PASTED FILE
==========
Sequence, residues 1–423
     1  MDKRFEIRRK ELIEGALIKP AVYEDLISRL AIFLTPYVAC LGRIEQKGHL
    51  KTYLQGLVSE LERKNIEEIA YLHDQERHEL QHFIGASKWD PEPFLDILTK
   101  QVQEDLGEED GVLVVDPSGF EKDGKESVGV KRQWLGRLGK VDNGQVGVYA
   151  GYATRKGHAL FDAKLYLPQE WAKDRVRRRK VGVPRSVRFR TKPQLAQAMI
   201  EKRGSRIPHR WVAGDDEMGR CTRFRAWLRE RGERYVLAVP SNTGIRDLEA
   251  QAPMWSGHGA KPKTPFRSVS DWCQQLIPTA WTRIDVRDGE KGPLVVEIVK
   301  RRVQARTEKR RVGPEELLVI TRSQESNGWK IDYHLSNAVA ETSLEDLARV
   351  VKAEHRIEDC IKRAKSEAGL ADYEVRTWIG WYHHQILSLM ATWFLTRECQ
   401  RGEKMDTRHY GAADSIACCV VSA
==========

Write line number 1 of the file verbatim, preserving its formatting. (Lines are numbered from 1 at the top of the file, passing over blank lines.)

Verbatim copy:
Sequence, residues 1–423